There are also some private homes which, like day care for small children, take in puppies aged 8 -16 weeks for half or a whole day and allow opportunities for controlled play.

3. They continue to socialise their dog appropriately by visiting a nearly empty dog park. It is best to start by watching calmly and safely from the outside to ensure there are no inattentive owners with out of control dogs.

4. Owners wanting a higher standard of obedience might consider joining a small group obedience class. If so, find one with an experienced instructor using modern training methods.

N.B.  It is wise to choose carefully as any negative experiences received at day-care centres, dog parks or classes can traumatise puppies and adolescent dogs and lead to life-long fear-based behaviour problems.

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Good choices result in having a puppy that grows into a dog that is responsive to instructions and is polite around the house. He or she will interact well with people and other dogs when walking around the block or at the dog park.

Such a puppy is unlikely to be re-homed or sent to an animal shelter before he or she is 12 months old, nor require expensive visits to veterinary behaviourists for serious behaviour issues.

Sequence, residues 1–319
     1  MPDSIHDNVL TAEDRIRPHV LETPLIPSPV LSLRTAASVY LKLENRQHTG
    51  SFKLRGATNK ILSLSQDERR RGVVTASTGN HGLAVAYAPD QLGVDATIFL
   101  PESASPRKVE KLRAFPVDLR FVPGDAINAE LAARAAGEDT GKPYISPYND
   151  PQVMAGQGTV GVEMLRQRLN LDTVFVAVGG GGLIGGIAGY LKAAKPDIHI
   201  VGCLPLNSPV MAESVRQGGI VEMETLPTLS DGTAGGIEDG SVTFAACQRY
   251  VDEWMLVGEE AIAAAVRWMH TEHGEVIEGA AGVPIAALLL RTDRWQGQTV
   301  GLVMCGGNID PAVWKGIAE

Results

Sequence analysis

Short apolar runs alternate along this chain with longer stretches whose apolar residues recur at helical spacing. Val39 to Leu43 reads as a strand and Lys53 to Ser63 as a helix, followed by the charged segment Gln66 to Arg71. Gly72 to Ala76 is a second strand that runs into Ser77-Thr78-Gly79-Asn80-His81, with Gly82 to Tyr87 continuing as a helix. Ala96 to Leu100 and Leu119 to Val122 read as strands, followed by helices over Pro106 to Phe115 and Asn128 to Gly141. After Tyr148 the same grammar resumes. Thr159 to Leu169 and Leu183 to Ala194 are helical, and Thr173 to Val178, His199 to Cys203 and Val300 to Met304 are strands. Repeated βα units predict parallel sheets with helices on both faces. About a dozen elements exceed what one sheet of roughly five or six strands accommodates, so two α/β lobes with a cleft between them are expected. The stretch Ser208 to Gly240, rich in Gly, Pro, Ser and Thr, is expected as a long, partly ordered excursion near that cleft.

Details of our 'Fees', 'The Benefits of Home Training' and 'Recent clients' comments' can be seen by returning to the menu at the top and scrolling down to the relevant section.

If you would like our assistance to ensure your puppy has a head start to life and becomes an ideal family member please contact us on (07) 3390-4272 to arrange a suitable time.

Then send us some background information about him or her, and your requirements, on one of the on-line profile forms below.

For puppies up to 16 weeks please click HERE

For all other dogs over 4 months of age please click HERE

For any further details please ring us on (07) 3390-4272. If nobody can take your call please leave a message on the answering machine and we will ring you back as soon as we return.